As many healthcare executives know, physician engagement sometimes doesn't occur despite best efforts. A new study indicates that work engagement comes from two factors--the employer's resources, such as support, but also the employee's own personal traits--that can affect the level of engagement and high-quality performance.
Not surprisingly, job resources that the employer provides, such as social support, feedback, and opportunities for autonomy, help satisfy workers, according to the study published in the Current Directions in Psychological Science, a journal of the Association for Psychological Science (APS).
However, the study also found that some of the engagement comes not from what the employer does, but the employee's own resources, that is, personal self-esteem and optimism.
Study researchers encouraged employers to have realistic goals when it comes to engagement, recognizing that engagement levels vary by day and sometimes even by hour, according to Arnold B. Bakker, a psychologist at Erasmus University Rotterdam in the Netherlands, in an APS press release.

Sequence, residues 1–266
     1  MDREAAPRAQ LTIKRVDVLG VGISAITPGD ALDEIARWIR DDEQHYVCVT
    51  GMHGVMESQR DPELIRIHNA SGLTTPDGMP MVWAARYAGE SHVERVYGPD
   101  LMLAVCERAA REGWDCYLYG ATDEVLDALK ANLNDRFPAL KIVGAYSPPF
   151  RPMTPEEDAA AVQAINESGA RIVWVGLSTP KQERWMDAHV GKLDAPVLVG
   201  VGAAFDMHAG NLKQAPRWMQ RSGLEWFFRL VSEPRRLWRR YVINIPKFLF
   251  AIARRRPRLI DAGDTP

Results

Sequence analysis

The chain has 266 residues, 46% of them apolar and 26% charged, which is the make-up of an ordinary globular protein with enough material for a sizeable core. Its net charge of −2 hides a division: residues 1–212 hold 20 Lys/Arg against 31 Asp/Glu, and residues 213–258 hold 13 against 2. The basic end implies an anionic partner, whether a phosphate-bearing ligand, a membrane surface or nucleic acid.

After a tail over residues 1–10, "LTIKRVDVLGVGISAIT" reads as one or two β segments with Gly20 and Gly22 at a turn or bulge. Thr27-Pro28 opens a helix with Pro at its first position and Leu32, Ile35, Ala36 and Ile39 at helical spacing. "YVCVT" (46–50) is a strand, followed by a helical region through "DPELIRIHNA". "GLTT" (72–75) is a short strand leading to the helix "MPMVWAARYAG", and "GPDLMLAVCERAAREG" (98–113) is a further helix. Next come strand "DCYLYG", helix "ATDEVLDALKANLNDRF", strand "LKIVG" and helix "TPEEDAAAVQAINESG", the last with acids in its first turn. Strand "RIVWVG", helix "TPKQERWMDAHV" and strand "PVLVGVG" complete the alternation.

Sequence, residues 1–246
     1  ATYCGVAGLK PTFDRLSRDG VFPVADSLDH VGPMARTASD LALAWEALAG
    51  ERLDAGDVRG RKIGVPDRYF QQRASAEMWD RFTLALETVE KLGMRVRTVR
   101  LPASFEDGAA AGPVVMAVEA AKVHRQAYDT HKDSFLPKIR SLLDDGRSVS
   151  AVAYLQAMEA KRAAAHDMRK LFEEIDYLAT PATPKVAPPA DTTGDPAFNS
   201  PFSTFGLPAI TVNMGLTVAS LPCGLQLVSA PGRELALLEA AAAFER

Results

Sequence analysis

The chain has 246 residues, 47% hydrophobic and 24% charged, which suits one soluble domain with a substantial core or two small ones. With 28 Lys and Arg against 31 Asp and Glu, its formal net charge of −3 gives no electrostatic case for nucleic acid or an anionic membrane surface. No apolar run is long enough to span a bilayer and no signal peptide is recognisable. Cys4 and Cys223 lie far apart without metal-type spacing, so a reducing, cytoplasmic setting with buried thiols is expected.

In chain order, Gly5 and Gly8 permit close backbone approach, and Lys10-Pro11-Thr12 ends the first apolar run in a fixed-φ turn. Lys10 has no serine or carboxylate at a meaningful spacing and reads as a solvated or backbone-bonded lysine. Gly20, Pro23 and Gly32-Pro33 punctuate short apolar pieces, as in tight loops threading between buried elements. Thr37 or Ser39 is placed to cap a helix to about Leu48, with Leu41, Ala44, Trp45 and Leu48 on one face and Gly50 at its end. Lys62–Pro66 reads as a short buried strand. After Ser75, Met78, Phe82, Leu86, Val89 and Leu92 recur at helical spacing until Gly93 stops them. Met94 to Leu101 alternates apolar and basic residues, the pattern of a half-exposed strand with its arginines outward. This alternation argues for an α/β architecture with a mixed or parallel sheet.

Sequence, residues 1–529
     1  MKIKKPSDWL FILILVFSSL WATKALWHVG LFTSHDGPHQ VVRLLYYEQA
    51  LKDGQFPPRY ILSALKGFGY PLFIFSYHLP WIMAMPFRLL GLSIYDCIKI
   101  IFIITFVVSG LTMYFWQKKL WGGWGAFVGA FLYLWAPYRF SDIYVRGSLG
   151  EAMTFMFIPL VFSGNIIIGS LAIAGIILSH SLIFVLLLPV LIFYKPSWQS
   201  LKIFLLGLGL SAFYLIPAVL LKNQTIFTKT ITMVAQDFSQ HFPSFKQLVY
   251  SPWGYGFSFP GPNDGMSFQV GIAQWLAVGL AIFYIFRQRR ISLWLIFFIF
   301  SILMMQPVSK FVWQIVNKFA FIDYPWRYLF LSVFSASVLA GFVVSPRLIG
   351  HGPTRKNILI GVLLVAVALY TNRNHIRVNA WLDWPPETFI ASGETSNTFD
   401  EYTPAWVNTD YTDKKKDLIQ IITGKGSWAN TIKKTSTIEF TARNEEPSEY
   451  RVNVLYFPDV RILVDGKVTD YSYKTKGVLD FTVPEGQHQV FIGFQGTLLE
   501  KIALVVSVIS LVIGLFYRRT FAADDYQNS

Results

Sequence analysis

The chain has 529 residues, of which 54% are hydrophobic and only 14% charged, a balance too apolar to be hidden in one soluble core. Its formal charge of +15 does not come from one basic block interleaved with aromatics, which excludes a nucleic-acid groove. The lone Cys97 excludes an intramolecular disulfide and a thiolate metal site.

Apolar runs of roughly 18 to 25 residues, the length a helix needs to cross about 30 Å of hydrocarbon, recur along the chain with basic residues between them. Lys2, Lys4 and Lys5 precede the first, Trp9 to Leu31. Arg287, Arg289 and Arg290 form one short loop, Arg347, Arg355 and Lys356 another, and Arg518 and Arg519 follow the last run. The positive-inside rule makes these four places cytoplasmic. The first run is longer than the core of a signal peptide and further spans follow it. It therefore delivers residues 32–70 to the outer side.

"Indeed, no one should expect to feel, or be expected to exhibit, peak engagement every second of the workday. Sometimes work is tedious; employees need to be able to tolerate that. Nor should they be held to impossible standards," states the press release.
Meanwhile, another study published in the Journal of Managerial Psychology concludes that strong organizational structure, such mentorship, helps new employees adjust better and increases personal engagement at work.
"Simply throwing newcomers into a job and letting them fend for themselves results in their being socialized by default rather than design," said Jamie Gruman, an organizational behavior professor in the Department of Business and the School of Hospitality and Tourism Management, in a University of Guelph press release.
He continued, "Companies benefit from boosting their employees' well-being. Helping new hires adjust at the start empowers them to achieve their potential later on."
To learn more:
- read the APS press release
- read the U of Guelph press release